The Maias is regarded as the most important work of the late 19th-century Portuguese writer Jose Maria Eça de Queirós. For the most part, the book follows the life of Carlos de Maia and his grandfather, Afonso de Maia, the last remaining male survivors of an extremely wealthy Lisbon family.
Young Carlos is raised by his grandfather following the suicide of his father, who killed himself after being abandoned by his wife. Raised unaware of this tragedy, Carlos becomes a doctor and opens a medical practice and laboratory in Lisbon, where he plans to make significant medical discoveries.
However, it’s Carlos’s fate to spend a lot of time talking about success, but little time actually pursuing it. He meticulously and expensively decorates his medical office and his laboratory only to abandon them both. His real business, and the business of his social circle, is drinking, debating, gambling, and chasing after young, wealthy wives, that is, when they’re not on vacation and doing the same thing in Paris or Italy or some small Portuguese resort town.
Carlos’s best friend, Ega, is a dandy and a libertine whose outrageous toilette is equaled only by his wit and who functions as a sometime mouthpiece for the author. Ega is the first in Carlos’s circle to fall prey to the charms a woman; she is the wife of a minister, and she often distracts Ega from his groundbreaking novel, Memoirs of an Atom, which he is always on the verge of starting. Carlos follows his friend’s lead shortly thereafter, falling in with the Countess de Gouvarinho. Both relationships bring a halt to any real progress in the young men’s lives:
Ega had arrived from Celorico just six months ago, swathed in his vast fur coat, ready to dazzle Lisbon with his Memoirs of an Atom, to hold sway over it with the new magazine he was planning to set up; he was to be a beacon, a force to be reckoned with, and a thousand other things. And now, debt-ridden and an object of ridicule, he was scuttling back to Celorico, his tail between his legs. A bad beginning! He, for his part, had arrived in Lisbon full of ambitious plans for his work, armed as if for battle: there was his practice, his laboratory, his pioneering book, and a thousand other bold projects. And what had he achieved? Two articles for a journal, a dozen or so prescriptions, and that melancholy chapter on “Medicine Among the Greeks.” A bad beginning, indeed!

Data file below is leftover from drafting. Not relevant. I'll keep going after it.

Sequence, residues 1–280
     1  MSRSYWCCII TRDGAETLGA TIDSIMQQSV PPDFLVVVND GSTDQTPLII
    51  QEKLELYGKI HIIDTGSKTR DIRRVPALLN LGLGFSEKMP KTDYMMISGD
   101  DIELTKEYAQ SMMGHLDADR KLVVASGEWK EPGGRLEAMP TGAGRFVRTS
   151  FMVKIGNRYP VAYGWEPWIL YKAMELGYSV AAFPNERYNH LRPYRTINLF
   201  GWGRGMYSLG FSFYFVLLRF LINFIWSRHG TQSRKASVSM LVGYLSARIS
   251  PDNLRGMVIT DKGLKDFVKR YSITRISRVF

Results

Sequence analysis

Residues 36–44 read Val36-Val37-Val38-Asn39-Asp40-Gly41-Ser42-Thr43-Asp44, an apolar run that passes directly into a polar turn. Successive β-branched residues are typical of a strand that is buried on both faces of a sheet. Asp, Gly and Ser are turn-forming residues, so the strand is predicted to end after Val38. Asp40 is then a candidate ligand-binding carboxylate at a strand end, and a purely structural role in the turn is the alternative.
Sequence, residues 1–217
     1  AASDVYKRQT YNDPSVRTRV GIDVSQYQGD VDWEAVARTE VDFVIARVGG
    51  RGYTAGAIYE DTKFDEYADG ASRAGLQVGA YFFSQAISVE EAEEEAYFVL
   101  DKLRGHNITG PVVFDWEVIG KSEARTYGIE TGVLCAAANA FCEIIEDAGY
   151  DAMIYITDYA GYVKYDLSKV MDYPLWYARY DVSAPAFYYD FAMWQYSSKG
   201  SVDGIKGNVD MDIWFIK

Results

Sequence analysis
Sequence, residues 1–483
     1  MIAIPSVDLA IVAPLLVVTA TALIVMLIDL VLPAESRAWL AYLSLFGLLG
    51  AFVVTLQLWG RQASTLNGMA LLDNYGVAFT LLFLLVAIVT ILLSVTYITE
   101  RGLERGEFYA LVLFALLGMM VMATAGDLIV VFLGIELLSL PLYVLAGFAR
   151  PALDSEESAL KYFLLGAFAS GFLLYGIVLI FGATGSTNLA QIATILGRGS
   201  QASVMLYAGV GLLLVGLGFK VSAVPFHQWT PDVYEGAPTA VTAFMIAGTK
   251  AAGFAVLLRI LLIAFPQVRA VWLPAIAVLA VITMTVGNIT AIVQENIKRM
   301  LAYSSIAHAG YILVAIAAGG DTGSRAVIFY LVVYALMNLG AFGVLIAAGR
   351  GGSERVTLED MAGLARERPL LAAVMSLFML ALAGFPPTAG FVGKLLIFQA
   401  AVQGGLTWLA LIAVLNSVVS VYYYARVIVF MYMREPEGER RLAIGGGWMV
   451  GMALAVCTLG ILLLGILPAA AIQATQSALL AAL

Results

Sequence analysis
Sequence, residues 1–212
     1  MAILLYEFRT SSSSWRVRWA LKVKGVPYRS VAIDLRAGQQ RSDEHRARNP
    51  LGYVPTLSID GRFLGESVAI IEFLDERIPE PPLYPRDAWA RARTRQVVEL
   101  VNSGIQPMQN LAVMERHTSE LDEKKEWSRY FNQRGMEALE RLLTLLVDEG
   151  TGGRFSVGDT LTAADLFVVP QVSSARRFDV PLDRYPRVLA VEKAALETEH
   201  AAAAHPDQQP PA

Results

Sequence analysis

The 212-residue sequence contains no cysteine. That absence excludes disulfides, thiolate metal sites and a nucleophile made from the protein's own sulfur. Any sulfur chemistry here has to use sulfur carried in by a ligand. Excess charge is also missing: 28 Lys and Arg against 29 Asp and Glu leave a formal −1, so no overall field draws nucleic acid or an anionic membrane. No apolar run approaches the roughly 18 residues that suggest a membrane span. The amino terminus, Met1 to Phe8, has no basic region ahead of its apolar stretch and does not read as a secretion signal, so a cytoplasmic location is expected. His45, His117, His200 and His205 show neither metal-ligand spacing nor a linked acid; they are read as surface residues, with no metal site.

In the midst of his faltering relationship with the Countess, Carlos stumbles across a mysterious and beautiful woman whose husband, Castro Gomes, is a wealthy Brazilian. The woman, Maria Eduarda, is rarely seen in public, however, and Carlos struggles to get introduced to her husband. Eventually, he manages to set himself up as their doctor, and when Castro Gomes goes away on business, Carlos and Maria fall deeply in love. The couple’s bliss is short-lived, however, as a terrible discovery destroys their idyll and sends the novel toward its tragic conclusion.
It doesn’t appear that Eça de Queirós was particularly interested in crafting a complicated story. The Maias is told in a very straightforward narrative style and with a simple structure. None of the surprises are that surprising.1 The novel is a rather ordinary melodrama, with sexual dalliances, family drama, honor to defend (or offend), threatened duels, extravagant balls, and all the other ingredients we’ve come to expect from these big 19th-century whist-and-salon novels.
This isn’t to say that The Maias is without interest. Like many authors before and since, Eça de Queirós is utilizing the novel as a vehicle to comment on his social milieu. And, as is often the case, de Queirós’s time was one of degradation and moral decline. In The Maias de Queirós presents the agents of the current degradation—as well as the agents of the degradation to come, Carlos and Ega—in all of their glory.